Yes, Catholics read the Bible – just like all other members of the Christian faith.
While Catholics (like most Christians) have always valued the Bible very highly, there has been a bit of history with certain segments of the Catholic Church that haven’t necessarily encouraged those of the Catholic faith to read and study it the way other Christians might.
Today, though, there has been a bit of a resurgence across the Catholic faith when it comes to reading and studying the Bible on a more consistent basis.
Do Catholics read the Bible regularly? According to research published by the Pew organization about 25% of all Catholics read their Bible at least once a week.
That might not be quite as many Catholics reading their Bible weekly as those of the Evangelical Protestant faith (63% of these Christians report reading their Bible once a week according to Pew as well), but it’s not an insignificant number, either.
More and more Catholic leaders are encouraging members of their church to read their Bibles more, to study their Bibles more deeply, and form a very real relationship with this book of faith.
How Often Do Catholics Read The Bible?
As we alluded to a moment ago, there certainly was some historical precedence for the stereotype of Catholics not reading their Bible to exist.
Protestants have always had a global reputation for reading the Bible more than Catholics, but the reasoning behind this isn’t as obvious as you might think.
No, Catholics reading the Bible at lower rates compared to Protestants has nothing to do with Catholics not believing in the Bible, not embracing the Bible, or not considering the Bible to be an important part of their faith.
Instead, the cold hard reality is that literacy rates in the Catholic Church were quite low throughout history.
The Catholic Church existed for more than 1500 years before the Protestant Reformation in the 16th century and literacy rates were (generously) estimated to be 20% at their highest during this time period.
Truth told, for the first 1500 years of the Catholic Church the overwhelming majority of people never had their own version of the Bible to read to begin with. They went to church and heard the word.
When the printing press came into being (around the time of the Protestant Reformation) Bibles could be more easily disseminated and literacy rates exploded.
This helped to make regular Bible study a cornerstone tenant of the Protestant religion.
On top of all of that, there were some in Catholic leadership that believed “regular people” should not be reading the Bible on their own, should not be trying to interpret the Bible on their own, and should instead be guided through the Catholic faith by members of the Catholic Church.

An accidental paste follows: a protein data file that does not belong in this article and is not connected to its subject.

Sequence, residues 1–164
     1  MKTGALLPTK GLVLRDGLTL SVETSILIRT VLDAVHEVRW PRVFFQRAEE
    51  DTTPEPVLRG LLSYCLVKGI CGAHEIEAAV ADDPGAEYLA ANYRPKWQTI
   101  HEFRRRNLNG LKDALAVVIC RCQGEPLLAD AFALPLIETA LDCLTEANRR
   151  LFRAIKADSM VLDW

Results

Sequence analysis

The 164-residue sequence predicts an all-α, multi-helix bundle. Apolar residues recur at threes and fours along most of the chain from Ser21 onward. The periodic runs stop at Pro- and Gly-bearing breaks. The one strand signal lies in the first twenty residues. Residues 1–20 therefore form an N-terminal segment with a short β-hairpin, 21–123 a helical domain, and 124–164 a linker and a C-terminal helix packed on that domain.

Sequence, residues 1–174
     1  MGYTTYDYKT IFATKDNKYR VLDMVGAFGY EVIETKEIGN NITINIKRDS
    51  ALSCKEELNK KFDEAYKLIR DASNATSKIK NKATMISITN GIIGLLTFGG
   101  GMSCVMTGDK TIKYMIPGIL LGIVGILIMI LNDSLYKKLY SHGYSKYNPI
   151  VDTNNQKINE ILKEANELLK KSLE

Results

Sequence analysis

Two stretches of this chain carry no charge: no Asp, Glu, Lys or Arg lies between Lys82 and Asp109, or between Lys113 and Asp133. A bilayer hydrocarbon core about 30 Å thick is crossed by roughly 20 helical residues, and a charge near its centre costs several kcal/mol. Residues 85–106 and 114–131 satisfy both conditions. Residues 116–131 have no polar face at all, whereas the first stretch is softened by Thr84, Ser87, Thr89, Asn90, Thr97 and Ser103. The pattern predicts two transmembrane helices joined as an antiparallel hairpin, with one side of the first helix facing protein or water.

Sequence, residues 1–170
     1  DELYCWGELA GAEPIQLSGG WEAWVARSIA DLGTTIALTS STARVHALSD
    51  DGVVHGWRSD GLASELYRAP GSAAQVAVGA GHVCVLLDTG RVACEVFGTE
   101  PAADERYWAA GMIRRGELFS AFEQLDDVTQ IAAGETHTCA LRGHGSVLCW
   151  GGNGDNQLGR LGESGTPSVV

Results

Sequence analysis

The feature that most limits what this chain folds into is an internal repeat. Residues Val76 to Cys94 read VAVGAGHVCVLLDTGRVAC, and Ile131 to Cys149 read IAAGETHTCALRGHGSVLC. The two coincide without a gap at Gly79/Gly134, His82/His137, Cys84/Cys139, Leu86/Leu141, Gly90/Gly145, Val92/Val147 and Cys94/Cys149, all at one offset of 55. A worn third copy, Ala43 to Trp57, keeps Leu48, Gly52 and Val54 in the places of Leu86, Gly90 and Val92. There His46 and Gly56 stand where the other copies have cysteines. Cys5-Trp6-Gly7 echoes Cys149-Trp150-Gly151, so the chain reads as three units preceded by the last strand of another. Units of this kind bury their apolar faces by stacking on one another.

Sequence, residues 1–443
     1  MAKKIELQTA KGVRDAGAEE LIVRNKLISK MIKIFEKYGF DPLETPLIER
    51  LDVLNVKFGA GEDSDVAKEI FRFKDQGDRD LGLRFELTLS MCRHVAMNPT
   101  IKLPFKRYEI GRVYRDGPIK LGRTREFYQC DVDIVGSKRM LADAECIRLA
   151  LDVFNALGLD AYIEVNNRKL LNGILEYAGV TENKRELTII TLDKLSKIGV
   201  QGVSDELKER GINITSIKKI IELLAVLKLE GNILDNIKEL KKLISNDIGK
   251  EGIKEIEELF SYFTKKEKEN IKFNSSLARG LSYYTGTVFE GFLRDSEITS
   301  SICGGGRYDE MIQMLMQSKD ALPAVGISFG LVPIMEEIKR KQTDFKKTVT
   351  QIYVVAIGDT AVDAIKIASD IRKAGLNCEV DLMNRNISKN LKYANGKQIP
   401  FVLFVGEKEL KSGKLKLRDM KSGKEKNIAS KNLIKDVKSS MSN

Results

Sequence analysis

This idea has fallen by the wayside quite a bit in modern times, but it was still a core tenant of parts of the Catholic Church up until maybe 100 years ago or so.
Catholic Leaders Encourage Bible Study Today
Today, though, most Catholic leaders believe that more people should be spending time reading their Bible, studying their Bible, and talking to other Catholics about their faith and what they’ve learned from Scripture.
Catholicism has always been firmly rooted in Scripture, which makes the accusation that Catholics don’t read the Bible a little limp, but the modern church is at least acknowledging that there hasn’t been quite as much of a push to read and study the Bible in the past as there is right now.
How Should Catholics Read the Bible?
There are more resources available today than ever before for Catholics looking to deepen their faith and learn more about Catholicism through their Bible.
Those looking to get started, though, need not look for outside resources to help them out (at least not right away).
Catholics can get solid guidance on reading and understanding their Bible by reading the Catechism of the Catholic Church.
Sections 112 through 114 really break down the best ways to study your Bible, especially if you are coming to it with fresh and new eyes.
Section 112 specifically says that Catholics should pay attention to the content and the unity of the entirety of the Bible and Scripture itself. It’s important to look at both the Old and New Testaments and find commonalities between them.
Section 113 says that Catholics should interpret the Bible through the living tradition of the Catholic Church. Section 114 goes on to describe that Catholics should focus on the analogy of faith throughout the Bible.
As always, Catholics are encouraged to speak to a member of their church for more specific help if they’re looking to get deeper into their Bible and their faith.